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Next semester I will be teaching an introductory course on geometric group theory and there is a basic question that I do not know the answer to. Let $G$ be a finitely generated group with finite symmetric generating set $S$ and let $\Gamma$ be the corresponding Cayley graph. For each $n \geq 1$, let $B_{n}$ be the closed ball of radius $n$ in $\Gamma$ about the unit element $e$ and let $b_{n} = |B_{n}|$. Then it is known that $\lim b_{n}^{1/n}$ always exists. (For example, see de la Harpe's book.) My question is whether $\lim b_{n+1}/b_{n}$ always exists?

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up vote 29 down vote accepted

In the article

R. Grigorchuk and P. De La Harpe, On problems related to growth, entropy, and spectrum in group theory, Journal of Dynamical and Control Systems, Volume 3, Number 1, 51-89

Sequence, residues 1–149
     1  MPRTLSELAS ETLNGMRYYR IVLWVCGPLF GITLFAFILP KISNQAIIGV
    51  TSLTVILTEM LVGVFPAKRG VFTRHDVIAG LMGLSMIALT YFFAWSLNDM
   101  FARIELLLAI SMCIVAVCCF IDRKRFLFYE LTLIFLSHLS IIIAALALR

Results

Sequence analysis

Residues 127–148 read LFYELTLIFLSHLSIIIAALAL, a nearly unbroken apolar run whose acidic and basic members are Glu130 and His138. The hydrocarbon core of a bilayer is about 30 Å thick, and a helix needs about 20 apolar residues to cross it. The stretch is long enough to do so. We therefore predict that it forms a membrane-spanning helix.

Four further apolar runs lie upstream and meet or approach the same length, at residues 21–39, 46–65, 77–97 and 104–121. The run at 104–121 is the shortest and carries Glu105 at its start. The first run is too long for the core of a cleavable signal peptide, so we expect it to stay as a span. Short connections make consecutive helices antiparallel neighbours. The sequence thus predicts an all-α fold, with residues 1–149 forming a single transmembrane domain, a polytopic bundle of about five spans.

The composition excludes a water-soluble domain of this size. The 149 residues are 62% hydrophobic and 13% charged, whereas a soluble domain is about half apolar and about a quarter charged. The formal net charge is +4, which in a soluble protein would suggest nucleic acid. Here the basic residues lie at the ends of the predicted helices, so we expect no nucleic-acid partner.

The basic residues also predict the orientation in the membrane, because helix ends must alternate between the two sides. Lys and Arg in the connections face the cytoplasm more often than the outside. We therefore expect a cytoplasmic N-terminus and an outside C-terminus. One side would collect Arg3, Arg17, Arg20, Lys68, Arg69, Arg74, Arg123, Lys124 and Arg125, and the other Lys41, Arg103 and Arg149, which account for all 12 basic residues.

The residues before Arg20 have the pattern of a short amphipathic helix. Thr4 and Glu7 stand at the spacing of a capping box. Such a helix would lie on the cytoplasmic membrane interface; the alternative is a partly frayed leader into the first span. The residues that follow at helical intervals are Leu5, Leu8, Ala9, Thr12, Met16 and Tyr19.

on the lower part of page 58 the authors mention the manuscript

A. Machi, Growth functions and growth matrices for finitely generated groups. Unpublished manuscript, Univ. di Roma La Sapienza, 1986.

and explain an example due to Machi. Machi showed that the convergence of $b_{n+1}/b_n$ can fail for one generating set of ${\mathbb Z}_2 \star {\mathbb Z}_3$ and hold for another. In particular, the limit does not always exist. The two generating sets are $\lbrace s,t\rbrace$ and $\lbrace s,st\rbrace$, where $s$ and $t$ are the natural generators with $s^2=t^3=e$.

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Thanks very much! – Simon Thomas Aug 19 '10 at 22:02
Cool. A fun example to keep in mind (and to yourself!) the next time you teach a calculus class that the root test is stronger than the ratio test. – Pete L. Clark Aug 19 '10 at 23:29

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